Brands in the UK are treading a strange new philosophical path: are they about internationalism or are they about location and place, and its more abstract extension, nation? In the face of Brexit, some brands are considering a new localism that the EU departure could see in.

British consumers don’t tend to buy British products, in comparison with consumers in other countries. According to research from Ipsos Mori, which looked at local consumption patterns across 30 markets, just 51% of British people prefer to eat locally produced food, significantly below the average across the survey of 63%.

This is increasingly important as the UK heads (limply, staggering) towards its departure from the European Union, from which it imports 30% of its food. Currently the UK produces around 50% of its own food, the government’s food agency estimates.

Depending on the outcome of the withdrawal agreement and subsequent trade negotiations, Brexit could have a major impact on where Brits can get their food from. Supply chain issues aside, this presents an interesting case for communications strategy.

Speaking to Marketing Week, Dairy Crest’s marketing director Lee Willet expressed doubts that the UK will find a glorious food renaissance as Brexit develops, because in commodity markets such as his – butter and cheese – consumers are primarily motivated by price and convenience.

One of its brands, Country Life, walked an interesting line with an ad featuring none other than the Sex Pistols’ frontman Johnny Rotten (né Lydon), in which the aging punk wonders whether he buys the brand because it’s British. Conclusion: no. He buys it because it’s great butter, but not before calling upon a battery of British symbols and associations, not least himself.

While supply chain continuity – as in the case of the ironically German supermarket chain Aldi – will bring UK retailers huge advantages in the event of any hardness of Brexit, in the febrile atmosphere of this political moment, Britishness offers new and often complicated opportunities.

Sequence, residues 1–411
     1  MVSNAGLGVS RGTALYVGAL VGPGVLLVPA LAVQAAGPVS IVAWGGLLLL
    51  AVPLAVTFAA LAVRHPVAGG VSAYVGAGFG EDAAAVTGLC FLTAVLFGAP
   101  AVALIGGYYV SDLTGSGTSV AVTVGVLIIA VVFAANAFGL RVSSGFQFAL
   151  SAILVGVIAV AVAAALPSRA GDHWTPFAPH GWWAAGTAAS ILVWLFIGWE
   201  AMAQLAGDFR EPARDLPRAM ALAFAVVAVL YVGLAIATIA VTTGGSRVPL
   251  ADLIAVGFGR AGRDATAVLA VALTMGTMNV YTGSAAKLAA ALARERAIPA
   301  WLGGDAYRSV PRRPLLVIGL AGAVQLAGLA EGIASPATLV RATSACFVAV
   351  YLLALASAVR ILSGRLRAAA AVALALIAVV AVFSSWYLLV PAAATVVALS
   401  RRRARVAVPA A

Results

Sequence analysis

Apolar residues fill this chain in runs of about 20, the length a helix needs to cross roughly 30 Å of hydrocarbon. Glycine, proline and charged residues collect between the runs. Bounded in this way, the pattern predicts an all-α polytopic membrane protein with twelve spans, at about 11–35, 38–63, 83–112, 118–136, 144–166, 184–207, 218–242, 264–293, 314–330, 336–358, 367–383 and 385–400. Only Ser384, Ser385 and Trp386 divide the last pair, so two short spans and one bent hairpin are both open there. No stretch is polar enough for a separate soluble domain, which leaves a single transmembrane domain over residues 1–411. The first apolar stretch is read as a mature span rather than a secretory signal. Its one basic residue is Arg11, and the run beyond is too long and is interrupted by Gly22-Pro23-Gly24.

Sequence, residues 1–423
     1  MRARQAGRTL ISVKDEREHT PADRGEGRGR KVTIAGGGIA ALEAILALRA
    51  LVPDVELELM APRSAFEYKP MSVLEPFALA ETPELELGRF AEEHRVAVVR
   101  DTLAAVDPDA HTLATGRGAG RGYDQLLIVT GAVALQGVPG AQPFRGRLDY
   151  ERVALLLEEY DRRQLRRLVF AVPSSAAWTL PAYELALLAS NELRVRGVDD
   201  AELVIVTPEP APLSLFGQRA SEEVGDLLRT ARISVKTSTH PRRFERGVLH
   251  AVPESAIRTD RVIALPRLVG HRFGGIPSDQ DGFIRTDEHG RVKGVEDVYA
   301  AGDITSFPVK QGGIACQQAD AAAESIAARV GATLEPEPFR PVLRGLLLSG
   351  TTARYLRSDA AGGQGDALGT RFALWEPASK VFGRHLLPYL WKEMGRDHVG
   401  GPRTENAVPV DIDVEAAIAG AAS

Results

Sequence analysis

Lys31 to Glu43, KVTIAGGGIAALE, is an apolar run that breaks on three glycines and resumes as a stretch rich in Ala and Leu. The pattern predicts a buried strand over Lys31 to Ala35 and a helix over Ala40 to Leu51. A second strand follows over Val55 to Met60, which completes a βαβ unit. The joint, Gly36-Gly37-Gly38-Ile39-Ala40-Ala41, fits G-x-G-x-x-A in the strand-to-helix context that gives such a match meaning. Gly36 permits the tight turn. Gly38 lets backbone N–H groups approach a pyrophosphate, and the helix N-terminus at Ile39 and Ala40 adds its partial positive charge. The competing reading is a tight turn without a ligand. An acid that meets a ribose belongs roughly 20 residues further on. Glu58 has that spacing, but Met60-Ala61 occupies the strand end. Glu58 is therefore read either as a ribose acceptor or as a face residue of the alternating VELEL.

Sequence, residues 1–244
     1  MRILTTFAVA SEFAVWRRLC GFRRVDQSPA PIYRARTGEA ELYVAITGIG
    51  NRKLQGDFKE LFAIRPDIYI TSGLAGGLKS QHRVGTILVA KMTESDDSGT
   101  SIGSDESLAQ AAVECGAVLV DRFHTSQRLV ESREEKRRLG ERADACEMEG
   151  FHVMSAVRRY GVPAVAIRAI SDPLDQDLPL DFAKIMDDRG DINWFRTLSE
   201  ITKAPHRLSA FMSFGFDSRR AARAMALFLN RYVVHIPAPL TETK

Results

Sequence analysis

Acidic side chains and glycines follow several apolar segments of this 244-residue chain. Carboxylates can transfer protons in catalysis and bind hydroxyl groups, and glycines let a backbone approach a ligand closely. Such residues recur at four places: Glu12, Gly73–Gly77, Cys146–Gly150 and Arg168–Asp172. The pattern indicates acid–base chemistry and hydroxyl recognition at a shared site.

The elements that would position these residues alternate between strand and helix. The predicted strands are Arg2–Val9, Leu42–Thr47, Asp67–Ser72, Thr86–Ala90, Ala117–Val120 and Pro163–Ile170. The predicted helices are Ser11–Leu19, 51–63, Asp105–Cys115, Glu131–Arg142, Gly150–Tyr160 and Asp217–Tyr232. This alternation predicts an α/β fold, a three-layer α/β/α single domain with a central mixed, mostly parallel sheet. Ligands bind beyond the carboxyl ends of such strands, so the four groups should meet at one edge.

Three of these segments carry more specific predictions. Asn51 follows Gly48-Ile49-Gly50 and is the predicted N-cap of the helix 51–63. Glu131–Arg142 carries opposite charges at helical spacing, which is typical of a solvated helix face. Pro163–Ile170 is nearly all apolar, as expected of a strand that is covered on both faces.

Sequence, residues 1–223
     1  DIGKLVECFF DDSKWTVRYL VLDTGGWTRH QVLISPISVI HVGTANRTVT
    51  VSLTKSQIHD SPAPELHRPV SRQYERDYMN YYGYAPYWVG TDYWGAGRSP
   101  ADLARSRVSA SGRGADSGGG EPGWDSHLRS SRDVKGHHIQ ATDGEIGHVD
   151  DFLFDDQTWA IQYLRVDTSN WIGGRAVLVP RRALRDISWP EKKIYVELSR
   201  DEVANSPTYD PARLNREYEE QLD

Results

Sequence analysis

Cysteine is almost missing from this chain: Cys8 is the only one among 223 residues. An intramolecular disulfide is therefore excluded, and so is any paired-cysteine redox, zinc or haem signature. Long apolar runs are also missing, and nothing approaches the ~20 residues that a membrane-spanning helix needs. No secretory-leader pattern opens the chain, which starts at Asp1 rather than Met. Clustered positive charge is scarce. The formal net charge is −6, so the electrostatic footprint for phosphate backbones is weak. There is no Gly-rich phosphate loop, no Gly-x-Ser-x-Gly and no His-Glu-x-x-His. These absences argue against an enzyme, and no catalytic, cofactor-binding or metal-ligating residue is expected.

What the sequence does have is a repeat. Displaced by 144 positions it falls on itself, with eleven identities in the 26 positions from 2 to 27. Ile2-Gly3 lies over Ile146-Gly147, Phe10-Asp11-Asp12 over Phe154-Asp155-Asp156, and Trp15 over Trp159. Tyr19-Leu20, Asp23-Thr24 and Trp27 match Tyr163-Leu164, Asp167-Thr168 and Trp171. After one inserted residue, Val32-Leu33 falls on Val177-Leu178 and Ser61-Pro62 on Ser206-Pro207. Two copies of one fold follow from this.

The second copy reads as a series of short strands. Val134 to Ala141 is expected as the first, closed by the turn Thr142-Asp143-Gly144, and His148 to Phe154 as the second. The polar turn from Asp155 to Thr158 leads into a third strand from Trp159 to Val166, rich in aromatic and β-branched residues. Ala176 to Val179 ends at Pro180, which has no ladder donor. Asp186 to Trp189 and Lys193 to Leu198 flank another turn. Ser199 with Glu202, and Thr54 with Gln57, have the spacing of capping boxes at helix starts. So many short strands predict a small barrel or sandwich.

Witness, for instance, Carling’s recent Made Local campaign, which emphasises the lager brand’s local credentials. It focuses on place, on connection to that place: it claims ground as a citizen of somewhere. Adding to this effort, however, is a certain amount of regional representation, and some cause marketing through the Made Local Fund, which supports projects in less affluent or represented areas of the UK.

Carling is not a brand pitched at the middle classes, representing a departure from the typical positioning of British made foods as more expensive, and therefore primarily targeted at the middle classes. For instance, houses earning more than £55,000 p.a. are 17% more likely to buy British than houses earning less than £20,000.

On the other side of the equation, HSBC, the international banking brand drew criticism in January over its Together We Thrive brand position, that emphasises the UK’s role in “something far bigger.” It comes down to a far more abstract game than brands have had to play before, in which some have decided to take a position on the relative importance of the nation state, or international cooperation.

Sourced from UK Government, Marketing Week, Carling; additional content by WARC staff